Andrew Parrott and S Beck (Letters, 14 June) just do not seem to get what was “inappropriate” about the actions of Campbell Gunn in his e-mail attack on Clare Lally.
Mr Gunn’s “misjudgment was in believing that drawing attention in an e-mail to someone’s Labour Party connections was an appropriate thing to do”. These are the words of Alex Salmond (your report June 13).
It is argued that the content of the e-mail was not “inappropriate”, which is presumably meant to be understood as “abusive” or “vile” in the manner of the response of the cybernats. But that is simply not the point – though the content is, indeed, relevant.
Had Mr Gunn been commenting on an article in the gardening section, then perhaps it would not have raised such a furore. But the content was of a political nature. It is standard practice for SNP politicians to attempt to discredit the messenger when they disapprove of the message. Mr Gunn, however, is not an SNP politician but a civil servant. It is no part of his remit to engage in SNP campaign tactics. He therefore breached the code.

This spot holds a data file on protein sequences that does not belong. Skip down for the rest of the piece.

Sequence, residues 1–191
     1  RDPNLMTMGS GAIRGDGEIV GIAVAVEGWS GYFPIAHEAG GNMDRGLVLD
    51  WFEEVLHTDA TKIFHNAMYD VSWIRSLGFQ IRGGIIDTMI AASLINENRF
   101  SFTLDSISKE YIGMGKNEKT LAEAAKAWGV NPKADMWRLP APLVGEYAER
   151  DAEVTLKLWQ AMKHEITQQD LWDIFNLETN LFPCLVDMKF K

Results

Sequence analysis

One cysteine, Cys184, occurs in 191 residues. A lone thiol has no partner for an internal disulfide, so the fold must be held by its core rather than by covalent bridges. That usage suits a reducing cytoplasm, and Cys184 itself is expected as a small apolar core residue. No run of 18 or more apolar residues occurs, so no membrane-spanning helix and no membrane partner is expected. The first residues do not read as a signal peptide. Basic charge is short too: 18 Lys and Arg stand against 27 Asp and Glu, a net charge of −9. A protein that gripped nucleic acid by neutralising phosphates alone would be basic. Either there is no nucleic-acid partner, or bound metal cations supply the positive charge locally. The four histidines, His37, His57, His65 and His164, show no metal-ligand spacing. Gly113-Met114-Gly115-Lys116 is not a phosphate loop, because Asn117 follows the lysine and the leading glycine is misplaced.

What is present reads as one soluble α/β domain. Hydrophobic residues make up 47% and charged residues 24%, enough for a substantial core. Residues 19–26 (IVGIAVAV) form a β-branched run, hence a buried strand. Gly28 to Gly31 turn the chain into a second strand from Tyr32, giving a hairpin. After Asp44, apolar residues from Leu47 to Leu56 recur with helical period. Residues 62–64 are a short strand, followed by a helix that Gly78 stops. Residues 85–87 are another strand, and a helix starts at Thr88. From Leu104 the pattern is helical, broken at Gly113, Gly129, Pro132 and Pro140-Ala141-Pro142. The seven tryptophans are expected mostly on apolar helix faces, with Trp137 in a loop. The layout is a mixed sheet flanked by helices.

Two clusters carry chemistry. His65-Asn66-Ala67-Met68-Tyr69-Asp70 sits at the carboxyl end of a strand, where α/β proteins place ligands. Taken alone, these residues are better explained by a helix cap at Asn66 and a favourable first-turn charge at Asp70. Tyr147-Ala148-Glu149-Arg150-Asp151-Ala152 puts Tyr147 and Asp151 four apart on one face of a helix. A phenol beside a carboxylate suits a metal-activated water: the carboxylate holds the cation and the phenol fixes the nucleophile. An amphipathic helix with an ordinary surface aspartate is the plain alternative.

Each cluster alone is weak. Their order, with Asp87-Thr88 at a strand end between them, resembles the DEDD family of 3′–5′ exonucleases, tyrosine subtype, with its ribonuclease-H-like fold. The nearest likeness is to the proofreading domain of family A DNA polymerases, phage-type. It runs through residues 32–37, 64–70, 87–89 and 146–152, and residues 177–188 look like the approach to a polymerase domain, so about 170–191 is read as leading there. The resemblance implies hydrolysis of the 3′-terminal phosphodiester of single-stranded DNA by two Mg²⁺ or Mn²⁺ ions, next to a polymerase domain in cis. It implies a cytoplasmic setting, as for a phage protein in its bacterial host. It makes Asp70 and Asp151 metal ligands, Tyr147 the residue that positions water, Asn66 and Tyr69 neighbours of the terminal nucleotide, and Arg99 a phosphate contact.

As to Ms Lally’s political connections – to describe her as if she is a partisan political activist is surely nonsense. She is just an ordinary mum with extraordinary experience and expertise in one single area – and that is why she sits on the Labour shadow cabinet as a “carer’s champion”. Incidentally, perhaps the SNP should be glad that this issue has diverted attention from an even bigger embarrassment - the fact that it hasn’t got a clue about the set-up costs of an independent Scotland!
Braid Hills Avenue